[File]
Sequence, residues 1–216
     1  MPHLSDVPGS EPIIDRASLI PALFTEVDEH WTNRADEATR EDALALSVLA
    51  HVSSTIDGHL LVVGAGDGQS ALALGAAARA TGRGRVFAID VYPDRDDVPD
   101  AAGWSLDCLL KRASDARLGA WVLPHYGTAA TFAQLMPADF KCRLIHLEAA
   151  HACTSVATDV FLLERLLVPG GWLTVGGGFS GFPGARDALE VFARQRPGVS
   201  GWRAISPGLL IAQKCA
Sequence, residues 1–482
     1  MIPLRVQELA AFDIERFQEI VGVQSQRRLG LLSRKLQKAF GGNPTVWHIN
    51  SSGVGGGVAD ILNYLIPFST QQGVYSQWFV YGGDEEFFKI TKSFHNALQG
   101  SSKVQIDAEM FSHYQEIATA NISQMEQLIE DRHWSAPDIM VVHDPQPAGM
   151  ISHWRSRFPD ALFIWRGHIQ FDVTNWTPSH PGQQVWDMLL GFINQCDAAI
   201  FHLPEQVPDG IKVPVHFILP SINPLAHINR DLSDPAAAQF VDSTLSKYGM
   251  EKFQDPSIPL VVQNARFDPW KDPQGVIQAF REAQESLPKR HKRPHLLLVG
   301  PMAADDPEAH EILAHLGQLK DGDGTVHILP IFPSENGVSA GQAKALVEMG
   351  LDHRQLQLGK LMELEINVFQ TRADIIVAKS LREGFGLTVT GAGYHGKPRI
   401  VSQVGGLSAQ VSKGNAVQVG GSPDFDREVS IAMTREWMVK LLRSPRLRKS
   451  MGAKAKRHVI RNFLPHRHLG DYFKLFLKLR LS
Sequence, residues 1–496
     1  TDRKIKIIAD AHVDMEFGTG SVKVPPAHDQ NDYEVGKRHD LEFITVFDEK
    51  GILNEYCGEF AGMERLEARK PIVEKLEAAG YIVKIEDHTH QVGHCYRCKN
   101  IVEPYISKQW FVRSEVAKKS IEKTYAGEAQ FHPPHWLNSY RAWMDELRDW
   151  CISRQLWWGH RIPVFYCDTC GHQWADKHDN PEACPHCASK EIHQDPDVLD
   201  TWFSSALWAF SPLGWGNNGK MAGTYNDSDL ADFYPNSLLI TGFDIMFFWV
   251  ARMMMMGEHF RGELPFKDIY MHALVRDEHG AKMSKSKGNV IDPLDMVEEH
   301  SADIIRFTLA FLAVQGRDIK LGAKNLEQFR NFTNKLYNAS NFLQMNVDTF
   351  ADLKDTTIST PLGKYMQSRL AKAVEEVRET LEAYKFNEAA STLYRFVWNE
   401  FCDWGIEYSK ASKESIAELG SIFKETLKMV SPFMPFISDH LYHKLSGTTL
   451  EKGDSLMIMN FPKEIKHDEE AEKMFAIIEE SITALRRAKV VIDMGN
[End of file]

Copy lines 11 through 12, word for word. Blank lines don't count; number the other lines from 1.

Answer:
   151  ISHWRSRFPD ALFIWRGHIQ FDVTNWTPSH PGQQVWDMLL GFINQCDAAI
   201  FHLPEQVPDG IKVPVHFILP SINPLAHINR DLSDPAAAQF VDSTLSKYGM